Set in China, The Cocoon by Zhang Yueran is a complex and tragic story of families, inter-generational trauma, secrets, inherited guilt, and redemption. It is an interesting mesh of both the personal and the political.
The socio-political movement–the Chinese Cultural Revolution and its impact on people form the backdrop of the story. The English translation is by Jeremy Tiang.
Cocoon is set in present-day China, but the past is very much a part of the present. Two childhood friends get together on a snowy evening and unravel the intricate web of secrets that had caused them to fall apart. Li Jiaqi returns to her childhood home after decades to take care of her dying grandfather, a renowned surgeon. After his demise, she visits her estranged friend, Cheng Gong.
Over the course of the evening, they open to each other, discussing their childhood friendship and the circumstance that drove them apart. Through their conversation and alternating perspectives, we learn their stories, their different societal status, family structures, strained familial ties, and a gruesome crime committed in the 1960s that ties these two characters and their families.
The prose is poetic, almost lyrically layered in flow. Yet the mood is strangely bleak and melancholic. The hard lives of the protagonist make for a profound and intriguing reading experience.
The title is quite interesting and aptly depicts Jiaqi and Gong’s lives.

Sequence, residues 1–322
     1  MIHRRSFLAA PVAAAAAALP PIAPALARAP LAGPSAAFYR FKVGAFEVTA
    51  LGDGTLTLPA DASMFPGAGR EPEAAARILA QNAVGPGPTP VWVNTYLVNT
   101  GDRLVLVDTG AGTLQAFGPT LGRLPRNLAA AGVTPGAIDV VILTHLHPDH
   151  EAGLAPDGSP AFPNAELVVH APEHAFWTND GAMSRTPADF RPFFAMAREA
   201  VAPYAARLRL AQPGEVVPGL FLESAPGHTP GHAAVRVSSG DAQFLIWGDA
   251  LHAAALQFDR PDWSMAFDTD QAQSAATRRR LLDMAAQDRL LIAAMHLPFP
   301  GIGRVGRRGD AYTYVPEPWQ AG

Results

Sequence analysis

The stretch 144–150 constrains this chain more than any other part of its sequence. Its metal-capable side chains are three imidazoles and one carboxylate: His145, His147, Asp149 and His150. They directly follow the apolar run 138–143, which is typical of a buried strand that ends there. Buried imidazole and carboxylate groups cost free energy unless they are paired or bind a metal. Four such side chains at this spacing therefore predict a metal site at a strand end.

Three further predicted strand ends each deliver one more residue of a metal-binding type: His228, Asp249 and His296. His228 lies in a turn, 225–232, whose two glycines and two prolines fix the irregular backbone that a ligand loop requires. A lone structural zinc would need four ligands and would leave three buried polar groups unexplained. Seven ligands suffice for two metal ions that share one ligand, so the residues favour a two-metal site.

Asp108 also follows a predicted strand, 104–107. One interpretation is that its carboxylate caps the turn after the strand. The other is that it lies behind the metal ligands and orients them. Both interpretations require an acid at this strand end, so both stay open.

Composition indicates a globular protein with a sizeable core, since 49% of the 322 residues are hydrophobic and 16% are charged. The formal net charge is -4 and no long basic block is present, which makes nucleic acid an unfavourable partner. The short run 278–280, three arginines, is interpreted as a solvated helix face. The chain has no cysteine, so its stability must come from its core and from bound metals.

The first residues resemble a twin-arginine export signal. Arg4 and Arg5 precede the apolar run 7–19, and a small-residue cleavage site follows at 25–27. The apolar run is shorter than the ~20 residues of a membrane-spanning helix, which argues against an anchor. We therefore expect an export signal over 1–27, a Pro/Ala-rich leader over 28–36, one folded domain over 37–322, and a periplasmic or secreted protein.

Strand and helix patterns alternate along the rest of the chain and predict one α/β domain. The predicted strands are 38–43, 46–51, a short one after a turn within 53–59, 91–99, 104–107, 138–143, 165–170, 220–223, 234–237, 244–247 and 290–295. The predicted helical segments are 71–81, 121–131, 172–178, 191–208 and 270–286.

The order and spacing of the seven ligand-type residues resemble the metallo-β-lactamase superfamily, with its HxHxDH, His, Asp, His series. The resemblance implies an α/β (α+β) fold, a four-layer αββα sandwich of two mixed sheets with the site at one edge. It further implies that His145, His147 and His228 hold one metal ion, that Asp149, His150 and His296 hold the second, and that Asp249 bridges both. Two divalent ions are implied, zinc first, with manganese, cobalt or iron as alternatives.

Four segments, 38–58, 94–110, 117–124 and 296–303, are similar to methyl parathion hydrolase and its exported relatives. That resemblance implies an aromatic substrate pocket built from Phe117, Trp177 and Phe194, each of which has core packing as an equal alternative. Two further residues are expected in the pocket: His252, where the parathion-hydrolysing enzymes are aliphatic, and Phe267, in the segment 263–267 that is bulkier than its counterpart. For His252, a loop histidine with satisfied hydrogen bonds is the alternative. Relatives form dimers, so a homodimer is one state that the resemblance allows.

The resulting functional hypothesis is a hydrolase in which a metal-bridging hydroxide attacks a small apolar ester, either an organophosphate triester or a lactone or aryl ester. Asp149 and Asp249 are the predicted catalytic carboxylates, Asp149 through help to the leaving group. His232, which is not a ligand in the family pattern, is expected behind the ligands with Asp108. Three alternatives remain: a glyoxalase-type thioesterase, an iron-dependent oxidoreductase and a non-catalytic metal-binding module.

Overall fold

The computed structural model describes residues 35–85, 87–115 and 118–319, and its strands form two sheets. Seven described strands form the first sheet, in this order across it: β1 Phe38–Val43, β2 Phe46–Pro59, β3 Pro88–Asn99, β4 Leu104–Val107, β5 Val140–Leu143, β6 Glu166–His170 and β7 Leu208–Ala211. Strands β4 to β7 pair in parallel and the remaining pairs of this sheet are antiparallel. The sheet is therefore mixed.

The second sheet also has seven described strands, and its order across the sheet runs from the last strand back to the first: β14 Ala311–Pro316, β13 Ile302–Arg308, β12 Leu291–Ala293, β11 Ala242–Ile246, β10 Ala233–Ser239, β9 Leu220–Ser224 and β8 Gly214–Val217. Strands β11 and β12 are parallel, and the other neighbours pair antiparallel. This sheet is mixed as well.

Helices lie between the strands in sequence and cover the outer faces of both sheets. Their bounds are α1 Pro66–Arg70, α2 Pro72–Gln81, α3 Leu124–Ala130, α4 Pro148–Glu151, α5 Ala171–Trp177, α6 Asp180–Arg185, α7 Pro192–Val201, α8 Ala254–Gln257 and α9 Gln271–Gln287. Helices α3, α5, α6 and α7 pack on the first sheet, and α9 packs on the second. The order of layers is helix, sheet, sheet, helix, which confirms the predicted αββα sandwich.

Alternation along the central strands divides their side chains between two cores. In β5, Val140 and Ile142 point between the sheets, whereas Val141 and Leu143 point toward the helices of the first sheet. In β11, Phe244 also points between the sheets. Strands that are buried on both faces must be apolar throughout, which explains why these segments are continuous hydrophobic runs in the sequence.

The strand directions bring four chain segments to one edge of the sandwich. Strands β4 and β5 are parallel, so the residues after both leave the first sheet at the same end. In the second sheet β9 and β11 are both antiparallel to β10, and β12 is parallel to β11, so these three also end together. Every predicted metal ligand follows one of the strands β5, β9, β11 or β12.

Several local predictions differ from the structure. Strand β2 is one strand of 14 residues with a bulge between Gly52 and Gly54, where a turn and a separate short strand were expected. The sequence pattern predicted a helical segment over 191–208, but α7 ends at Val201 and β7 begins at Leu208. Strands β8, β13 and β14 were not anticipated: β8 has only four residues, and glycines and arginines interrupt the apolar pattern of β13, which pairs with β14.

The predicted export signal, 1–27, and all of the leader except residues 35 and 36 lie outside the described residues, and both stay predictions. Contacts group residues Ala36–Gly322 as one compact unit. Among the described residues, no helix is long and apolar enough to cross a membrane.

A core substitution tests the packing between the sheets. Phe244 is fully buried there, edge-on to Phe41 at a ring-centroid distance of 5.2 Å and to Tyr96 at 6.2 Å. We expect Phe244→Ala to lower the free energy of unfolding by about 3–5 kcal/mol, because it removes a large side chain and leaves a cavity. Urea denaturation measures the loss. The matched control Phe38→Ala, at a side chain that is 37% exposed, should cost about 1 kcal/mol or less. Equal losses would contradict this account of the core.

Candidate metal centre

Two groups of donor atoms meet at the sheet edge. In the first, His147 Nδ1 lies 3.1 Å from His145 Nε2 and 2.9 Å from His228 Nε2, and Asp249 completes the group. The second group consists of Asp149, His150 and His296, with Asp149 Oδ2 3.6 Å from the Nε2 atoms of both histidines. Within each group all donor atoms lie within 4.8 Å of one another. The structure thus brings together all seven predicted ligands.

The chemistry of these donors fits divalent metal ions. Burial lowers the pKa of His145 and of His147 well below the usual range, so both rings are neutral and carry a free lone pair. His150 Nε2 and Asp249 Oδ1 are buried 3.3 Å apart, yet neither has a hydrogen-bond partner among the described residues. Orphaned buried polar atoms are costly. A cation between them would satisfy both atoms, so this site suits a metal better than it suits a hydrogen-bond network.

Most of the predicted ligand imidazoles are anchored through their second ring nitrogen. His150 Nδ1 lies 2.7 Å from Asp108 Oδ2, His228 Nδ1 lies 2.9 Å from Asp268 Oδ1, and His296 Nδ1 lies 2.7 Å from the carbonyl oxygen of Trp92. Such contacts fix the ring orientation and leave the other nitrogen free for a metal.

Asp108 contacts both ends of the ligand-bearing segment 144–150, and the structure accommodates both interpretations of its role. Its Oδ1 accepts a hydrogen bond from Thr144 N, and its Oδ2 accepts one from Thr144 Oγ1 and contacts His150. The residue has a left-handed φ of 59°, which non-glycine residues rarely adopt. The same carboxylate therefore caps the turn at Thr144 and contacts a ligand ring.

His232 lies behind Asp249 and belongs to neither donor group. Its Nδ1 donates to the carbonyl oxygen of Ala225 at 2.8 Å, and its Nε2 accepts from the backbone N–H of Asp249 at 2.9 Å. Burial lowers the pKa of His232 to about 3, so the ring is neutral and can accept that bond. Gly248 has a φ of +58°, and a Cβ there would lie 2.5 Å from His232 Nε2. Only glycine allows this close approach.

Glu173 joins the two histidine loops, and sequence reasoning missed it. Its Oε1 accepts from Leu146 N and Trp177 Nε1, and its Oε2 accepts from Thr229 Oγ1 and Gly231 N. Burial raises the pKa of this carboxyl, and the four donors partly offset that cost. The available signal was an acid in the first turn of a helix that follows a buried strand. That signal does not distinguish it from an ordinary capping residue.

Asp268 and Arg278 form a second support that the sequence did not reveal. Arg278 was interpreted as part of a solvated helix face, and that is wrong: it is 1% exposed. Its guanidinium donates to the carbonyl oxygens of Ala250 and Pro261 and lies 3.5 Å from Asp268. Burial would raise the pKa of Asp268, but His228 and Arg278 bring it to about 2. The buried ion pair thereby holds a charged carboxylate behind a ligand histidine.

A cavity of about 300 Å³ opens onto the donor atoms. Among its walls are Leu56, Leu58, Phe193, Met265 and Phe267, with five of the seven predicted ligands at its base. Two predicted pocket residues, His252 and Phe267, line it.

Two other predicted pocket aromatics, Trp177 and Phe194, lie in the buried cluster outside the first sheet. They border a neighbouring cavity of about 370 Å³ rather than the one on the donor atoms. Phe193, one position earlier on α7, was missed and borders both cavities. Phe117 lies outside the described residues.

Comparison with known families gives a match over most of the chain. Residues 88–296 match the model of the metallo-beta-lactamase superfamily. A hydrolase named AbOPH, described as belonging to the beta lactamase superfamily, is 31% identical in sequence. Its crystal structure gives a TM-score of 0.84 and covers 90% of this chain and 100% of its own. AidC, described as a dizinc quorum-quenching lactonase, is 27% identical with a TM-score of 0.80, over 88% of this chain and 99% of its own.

There are many characters in this novel, and sometimes I got confused by the names.
Navigating through the dual non-chronological flashbacks was a bit challenging. At times, it was difficult to define and separate the speakers because of similarities in their struggles and storylines.
The first half of the novel is very slow, and I stopped reading more than once. It is only after crossing the halfway mark that the events begin to crystallize.
I don’t know why this novel is being presented as a literary thriller. It’s quite misleading. Labeling it as literary fiction would be more suitable and justified.
Cocoon is a wonderful work of literary fiction. Readers who enjoy books simmering with complex family dynamics, in-depth characters, or contemporary literature set in China will appreciate this book.
I received a free copy of this book from World Editions through NetGalley in exchange for an honest review. This does not affect my opinion of the book or the content of my review.
Wordsopedia Rating 4/5
|Title: Cocoon||Author: Zhang Yueran|
|Publisher: World Editions||Publication date: October 18th, 2022|
|Genre: Fiction – Literary||Format: Paperback|
|ISBN: 9781642861051||No. of Pages: 328|
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About the author
Zhang Yueran was born in 1982 in the city of Jinan, Shandong Province. She began writing at 14, and as a high school student, won first prize in the nationwide New Concept Composition Competition. After studying English and law at Shandong University, she completed a graduate degree in computer science at the National University of Singapore. Zhang Yueran is one of China’s most influential young writers. She has published two short story collections: Sunflower Missing In 1890 (2003) and Ten Loves (2004), and three novels: Distant Cherry (2004), Narcissus (2005) and The Promise Bird (2006), which was named the Best Saga Novel 2006. Her other awards include the Chinese Press Most Promising New Talent Award (2005), the Spring Literature Prize (2006). and the “MAO-TAI Cup” People’s Literature Prize (2008).
A balanced review, it looks like.